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Shelburne musher training 19 Alaskan huskies for racing season



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Musher Sally Manikian of Shelburne off-loaded 16 of her 19 active racing sled dogs on Tuesday morning, Oct. 29, in the parking lot on Route 2 West in Gorham. She hopes to win a 100-mile race in January so she can qualify, enter, and finish a four-day 250-mile race in March. (click for larger version)
November 06, 2013
GORHAM — Sally Manikian of Shelburne is trying to have each of her 19 racing Alaskan huskies rack up 1,000 miles of training so they can enter the 100-mile Eagle Lake dog sled race on Jan 18, 2014, in northern Maine. It's an early season middle-distance race in which the emphasis is on safety for both dogs and drivers.

"I'd like to qualify, enter, and finish the four-day 250-Can Am Crown International Sled Dog Race out of Fort Kent, Me., starting on March 1," Manikian explained. "To enter you have to finish either a 100-mile race or the Can Am 60 and finish in the top two-thirds.

"The 100-mile Eagle Lake race I'm running in January counts as a qualifying race, but I'd have to finish in the top two-thirds, which can be tough for a rookie!"

She'll use a Minnesota racing sled.

At the Route 2 West parking lot on Tuesday morning, Oct. 29, Manikian caught her breath after getting 16 of her racing group unloaded from her boxy, homemade wood and plywood traveling kennel that rests on the bed of her pickup truck and then harnessing them. She had also unloaded her yellow Polaris 500 ATV from the trailer that she hauls around.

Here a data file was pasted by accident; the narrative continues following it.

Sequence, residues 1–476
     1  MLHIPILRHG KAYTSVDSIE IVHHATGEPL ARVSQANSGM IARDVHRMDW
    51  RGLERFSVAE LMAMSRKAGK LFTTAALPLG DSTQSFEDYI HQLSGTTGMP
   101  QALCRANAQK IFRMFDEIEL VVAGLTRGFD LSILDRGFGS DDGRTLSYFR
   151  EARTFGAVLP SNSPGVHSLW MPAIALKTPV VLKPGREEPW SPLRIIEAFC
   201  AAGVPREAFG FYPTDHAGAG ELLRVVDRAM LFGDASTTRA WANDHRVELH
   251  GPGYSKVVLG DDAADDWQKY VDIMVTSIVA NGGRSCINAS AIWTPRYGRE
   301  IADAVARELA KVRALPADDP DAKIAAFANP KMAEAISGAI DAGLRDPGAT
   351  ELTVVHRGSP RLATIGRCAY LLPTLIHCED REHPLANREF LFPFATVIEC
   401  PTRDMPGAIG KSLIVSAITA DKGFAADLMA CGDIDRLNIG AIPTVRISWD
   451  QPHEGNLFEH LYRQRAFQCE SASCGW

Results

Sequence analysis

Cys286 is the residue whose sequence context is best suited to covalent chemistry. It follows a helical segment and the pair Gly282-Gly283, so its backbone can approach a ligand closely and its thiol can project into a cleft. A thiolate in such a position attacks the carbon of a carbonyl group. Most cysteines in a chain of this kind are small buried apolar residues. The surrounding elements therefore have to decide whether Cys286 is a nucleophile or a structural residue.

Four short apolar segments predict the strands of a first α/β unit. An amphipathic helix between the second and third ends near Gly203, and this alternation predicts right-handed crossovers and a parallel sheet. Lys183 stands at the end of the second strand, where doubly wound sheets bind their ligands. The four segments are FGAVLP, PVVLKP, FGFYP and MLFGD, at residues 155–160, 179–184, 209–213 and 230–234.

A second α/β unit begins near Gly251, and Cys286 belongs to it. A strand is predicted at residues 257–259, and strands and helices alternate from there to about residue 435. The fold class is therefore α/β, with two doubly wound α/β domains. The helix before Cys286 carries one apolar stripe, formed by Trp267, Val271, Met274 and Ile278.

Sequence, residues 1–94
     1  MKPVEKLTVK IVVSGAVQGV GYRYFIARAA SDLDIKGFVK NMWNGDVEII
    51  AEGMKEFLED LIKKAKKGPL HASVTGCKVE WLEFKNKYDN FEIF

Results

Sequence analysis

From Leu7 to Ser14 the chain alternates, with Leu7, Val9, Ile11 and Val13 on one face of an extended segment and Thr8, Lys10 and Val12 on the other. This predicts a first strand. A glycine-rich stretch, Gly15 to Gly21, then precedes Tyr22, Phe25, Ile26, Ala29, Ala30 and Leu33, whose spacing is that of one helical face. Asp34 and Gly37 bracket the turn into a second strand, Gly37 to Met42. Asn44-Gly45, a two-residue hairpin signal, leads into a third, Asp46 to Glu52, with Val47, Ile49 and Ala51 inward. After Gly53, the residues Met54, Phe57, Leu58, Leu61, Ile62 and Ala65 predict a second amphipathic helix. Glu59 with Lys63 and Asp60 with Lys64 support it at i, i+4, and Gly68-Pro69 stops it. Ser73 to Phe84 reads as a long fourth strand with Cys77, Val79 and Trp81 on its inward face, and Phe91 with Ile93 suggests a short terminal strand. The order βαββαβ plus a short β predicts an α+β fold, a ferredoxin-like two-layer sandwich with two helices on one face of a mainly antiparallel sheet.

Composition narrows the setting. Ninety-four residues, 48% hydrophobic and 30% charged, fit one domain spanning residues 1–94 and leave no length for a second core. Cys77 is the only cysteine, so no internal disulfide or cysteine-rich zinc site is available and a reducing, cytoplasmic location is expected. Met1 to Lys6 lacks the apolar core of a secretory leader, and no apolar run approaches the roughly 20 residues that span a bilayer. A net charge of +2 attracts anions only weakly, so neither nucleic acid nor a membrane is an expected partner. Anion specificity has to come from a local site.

Her sled dogs will pull her in-gear ATV over miles of trail, giving them a real workout. That day she headed up into Jericho Mountain State Park in Berlin. Other days she uses the trail system in Dummer. Her dogs range in age from two-and-a-half years old to age seven. Three of her 22 dogs are retired from racing that live inside her house.

The other 19 live in "Shady Pines," group quarters named for the Shady Pines Retirement Home that burned down in the story line of the "Golden Girls," a sit-com TV series that aired from 1985 to 1992.

Manikian worked for several years at Muddy Paws Sled Dog Kennel in Jefferson.

"I'm taking all my year's days-off now to get my sled dogs in shape," Manikian said, noting that she has fulfilled the bulk of her responsibilities as Backcountry Resource Conservation Manager for the Appalachian Mountain Club (AMC) who reports to Andrew Norkin, AMC's Director of Trails & Recreation Management.

They both work at AMC Pinkham Notch.

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